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Prince v. Berryhill

United States District Court, W.D. Oklahoma

March 9, 2018

NANCY A. BERRYHILL, Acting Commissioner of Social Security, Defendant.



         On September 11, 2017, the Court entered a Judgment reversing the decision of the Commissioner of the Social Security Administration (“SSA”) and remanding this case for further administrative proceedings. See J. (Doc. No. 26); see also Prince v. Berryhill, No. CIV-15-933-CG, 2017 WL 3977926 (W.D. Okla. Sept. 11, 2017). Plaintiff Susan Gail Prince now moves for an award of attorney's fees in the amount of $6477.00 pursuant to the Equal Access to Justice Act (“EAJA”), 28 U.S.C. § 2412. See Pl.'s Mot. Att'y Fees (Doc. No. 27); Pl.'s Suppl. (Doc. No. 30). Defendant has objected to the Motion (Def.'s Obj. (Doc. No. 28)), and Plaintiff has replied (Pl.'s Reply (Doc. No. 29)).

         I. Attorney Fee Awards Under the EAJA

         Section 2412(d) of the EAJA provides that a prevailing party other than the United States shall be awarded reasonable fees in a civil action “unless the court finds that the position of the United States was substantially justified or that special circumstances make an award unjust.” 28 U.S.C. § 2412(d)(1)(A), (d)(2)(A). The “position of the United States” includes not only the position taken by the government in the present civil action but also “the action or failure to act by the agency upon which the civil action is based.” Id. § 2412(d)(2)(D). “[T]he required ‘not substantially justified' allegation imposes no proof burden on the fee applicant”; “the Government is aware, from the moment a fee application is filed, that to defeat the application on the merits, it will have to prove its position ‘was substantially justified.'” Scarborough v. Principi, 541 U.S. 401, 403 (2004); accord Hackett v. Barnhart, 475 F.3d 1166, 1169 (10th Cir. 2007). To make this showing, the government must prove that its case “had a reasonable basis in law and in fact.” Hadden v. Bowen, 851 F.2d 1266, 1267 (10th Cir. 1988). The term “substantially justified” has been defined as “‘justified in substance or in the main-that is, justified to a degree that could satisfy a reasonable person.'” Id. (quoting Pierce v. Underwood, 487 U.S. 552, 565 (1988)); see also 28 U.S.C. § 2412(d)(1)(B) (prescribing that whether the government's position was substantially justified is determined on the basis of the record before the court, including the record of the agency's action or failure to act upon which the civil action was based).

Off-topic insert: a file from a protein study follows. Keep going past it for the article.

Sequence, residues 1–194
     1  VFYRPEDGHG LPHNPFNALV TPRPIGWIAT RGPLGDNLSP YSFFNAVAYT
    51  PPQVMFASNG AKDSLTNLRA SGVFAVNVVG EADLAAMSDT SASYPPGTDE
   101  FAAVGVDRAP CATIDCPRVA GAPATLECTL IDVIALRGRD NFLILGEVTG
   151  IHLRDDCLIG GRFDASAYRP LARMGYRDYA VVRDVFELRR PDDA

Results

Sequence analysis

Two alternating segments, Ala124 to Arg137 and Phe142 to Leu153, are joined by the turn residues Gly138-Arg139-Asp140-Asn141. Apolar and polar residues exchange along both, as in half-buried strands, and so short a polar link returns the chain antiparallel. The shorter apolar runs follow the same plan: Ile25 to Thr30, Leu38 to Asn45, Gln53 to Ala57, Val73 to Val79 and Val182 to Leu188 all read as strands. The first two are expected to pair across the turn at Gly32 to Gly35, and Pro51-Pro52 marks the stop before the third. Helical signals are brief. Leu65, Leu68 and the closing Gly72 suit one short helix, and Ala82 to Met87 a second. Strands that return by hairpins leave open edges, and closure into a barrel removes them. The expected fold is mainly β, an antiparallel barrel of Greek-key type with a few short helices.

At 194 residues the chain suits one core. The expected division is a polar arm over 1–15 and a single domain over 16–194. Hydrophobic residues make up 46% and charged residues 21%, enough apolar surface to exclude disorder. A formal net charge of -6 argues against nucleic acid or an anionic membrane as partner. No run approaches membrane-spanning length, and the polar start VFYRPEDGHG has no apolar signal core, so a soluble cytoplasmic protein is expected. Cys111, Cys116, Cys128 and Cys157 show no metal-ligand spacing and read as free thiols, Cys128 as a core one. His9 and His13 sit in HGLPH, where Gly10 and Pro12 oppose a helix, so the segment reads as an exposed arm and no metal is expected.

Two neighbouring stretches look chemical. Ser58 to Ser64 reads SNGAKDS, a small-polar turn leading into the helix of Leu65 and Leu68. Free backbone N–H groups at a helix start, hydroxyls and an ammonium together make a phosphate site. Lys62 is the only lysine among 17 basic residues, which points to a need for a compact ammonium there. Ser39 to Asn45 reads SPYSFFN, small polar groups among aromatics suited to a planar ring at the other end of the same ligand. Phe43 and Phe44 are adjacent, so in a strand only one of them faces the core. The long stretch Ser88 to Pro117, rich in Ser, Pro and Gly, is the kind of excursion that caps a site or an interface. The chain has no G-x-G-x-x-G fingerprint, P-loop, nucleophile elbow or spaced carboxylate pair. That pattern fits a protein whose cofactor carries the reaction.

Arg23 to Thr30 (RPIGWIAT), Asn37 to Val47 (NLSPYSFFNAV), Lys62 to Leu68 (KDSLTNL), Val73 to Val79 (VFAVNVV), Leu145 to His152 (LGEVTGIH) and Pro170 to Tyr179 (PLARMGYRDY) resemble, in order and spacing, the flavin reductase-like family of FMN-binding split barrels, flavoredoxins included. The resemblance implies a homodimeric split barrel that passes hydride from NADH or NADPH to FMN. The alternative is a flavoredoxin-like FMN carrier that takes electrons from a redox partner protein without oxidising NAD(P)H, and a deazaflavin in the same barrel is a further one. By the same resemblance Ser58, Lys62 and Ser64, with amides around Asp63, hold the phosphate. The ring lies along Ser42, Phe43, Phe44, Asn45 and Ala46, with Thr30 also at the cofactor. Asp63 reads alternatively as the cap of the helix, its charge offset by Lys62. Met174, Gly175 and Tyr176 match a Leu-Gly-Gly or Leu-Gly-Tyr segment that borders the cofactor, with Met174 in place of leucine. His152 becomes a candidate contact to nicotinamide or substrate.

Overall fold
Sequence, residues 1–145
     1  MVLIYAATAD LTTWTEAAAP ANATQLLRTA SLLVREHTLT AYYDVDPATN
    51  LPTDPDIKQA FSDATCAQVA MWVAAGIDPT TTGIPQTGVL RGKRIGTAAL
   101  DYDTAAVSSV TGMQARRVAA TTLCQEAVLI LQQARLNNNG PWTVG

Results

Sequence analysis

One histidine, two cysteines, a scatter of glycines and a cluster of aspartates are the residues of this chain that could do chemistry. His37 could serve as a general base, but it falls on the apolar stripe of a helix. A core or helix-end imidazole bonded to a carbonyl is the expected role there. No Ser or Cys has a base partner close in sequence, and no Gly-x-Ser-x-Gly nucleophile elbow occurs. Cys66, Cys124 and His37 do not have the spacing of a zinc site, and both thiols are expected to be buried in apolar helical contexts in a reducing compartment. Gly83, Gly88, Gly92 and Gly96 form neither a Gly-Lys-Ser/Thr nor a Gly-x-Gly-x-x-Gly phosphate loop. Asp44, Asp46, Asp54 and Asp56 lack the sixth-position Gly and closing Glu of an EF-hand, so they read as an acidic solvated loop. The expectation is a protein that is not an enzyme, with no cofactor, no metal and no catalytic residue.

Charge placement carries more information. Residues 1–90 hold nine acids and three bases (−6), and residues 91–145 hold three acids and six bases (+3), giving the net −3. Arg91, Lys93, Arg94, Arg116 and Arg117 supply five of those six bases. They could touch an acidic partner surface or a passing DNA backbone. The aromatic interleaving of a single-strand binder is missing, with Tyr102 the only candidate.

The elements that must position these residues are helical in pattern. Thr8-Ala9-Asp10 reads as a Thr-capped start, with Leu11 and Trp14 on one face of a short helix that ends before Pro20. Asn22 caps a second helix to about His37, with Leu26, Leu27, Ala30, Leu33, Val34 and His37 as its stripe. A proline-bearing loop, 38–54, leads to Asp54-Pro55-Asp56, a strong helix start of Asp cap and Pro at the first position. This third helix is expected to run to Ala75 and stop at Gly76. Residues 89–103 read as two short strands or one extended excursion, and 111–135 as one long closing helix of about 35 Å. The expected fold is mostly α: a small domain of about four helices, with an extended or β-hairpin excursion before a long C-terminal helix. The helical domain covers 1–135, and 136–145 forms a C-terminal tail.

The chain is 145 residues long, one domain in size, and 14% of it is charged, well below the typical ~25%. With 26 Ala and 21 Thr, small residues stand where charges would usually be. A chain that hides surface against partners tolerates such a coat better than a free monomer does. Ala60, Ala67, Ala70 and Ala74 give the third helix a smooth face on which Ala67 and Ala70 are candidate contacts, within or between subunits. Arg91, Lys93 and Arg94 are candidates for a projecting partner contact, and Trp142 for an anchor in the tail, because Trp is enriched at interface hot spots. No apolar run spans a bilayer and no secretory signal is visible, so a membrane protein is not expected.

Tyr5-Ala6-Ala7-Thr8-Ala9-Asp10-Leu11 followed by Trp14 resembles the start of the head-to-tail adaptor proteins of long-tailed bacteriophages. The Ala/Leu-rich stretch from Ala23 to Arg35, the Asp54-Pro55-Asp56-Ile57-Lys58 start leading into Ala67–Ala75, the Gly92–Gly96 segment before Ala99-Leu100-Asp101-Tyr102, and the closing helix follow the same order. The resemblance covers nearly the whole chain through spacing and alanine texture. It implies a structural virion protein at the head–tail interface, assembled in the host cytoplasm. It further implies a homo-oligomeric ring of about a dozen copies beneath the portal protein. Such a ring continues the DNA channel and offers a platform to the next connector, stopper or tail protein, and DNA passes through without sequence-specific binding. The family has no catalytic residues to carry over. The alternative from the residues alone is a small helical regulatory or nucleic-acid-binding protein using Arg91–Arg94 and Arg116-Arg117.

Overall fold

II. Whether Plaintiff Is the Prevailing Party

         As noted above, the Court previously reversed the Commissioner's decision denying Plaintiff's applications for disability insurance benefits and supplemental security income under the Social Security Act, 42 U.S.C. §§ 401-434, 1381-1383f. Having obtained reversal and remand under sentence four of 42 U.S.C. § 405(g), Plaintiff is considered the “prevailing party” for purposes of the EAJA. See J. at 1; 28 U.S.C. § 2412(d)(2)(B); Shalala v. Schaefer, 509 U.S. 292, 300-01 (1993).

         III. Whether the Government Has Shown Its Position Was Substantially Justified

         In the administrative proceedings below, the ALJ committed multiple errors. First, the ALJ failed to address Plaintiff's documented vision problems but found that Plaintiff was able to perform past relevant work that requires reading and frequent near visual acuity and, alternatively, two jobs that require frequent near visual acuity. See Prince, 2017 WL 3977926, at *2-3. Next, the ALJ's decision failed to reflect that he properly considered all of the evidence in the record regarding Plaintiff's back and leg pain and did not properly resolve the evidentiary inconsistency between certain records. See Id. at *3-5. Relatedly, the ALJ failed to adequately explain his assessment that Plaintiff was able to stand and/or walk six hours out of an eight-hour workday in light of contradictory medical records and postdecision evidence that was accepted into record by the SSA Appeals Council. See Id. at *5-6.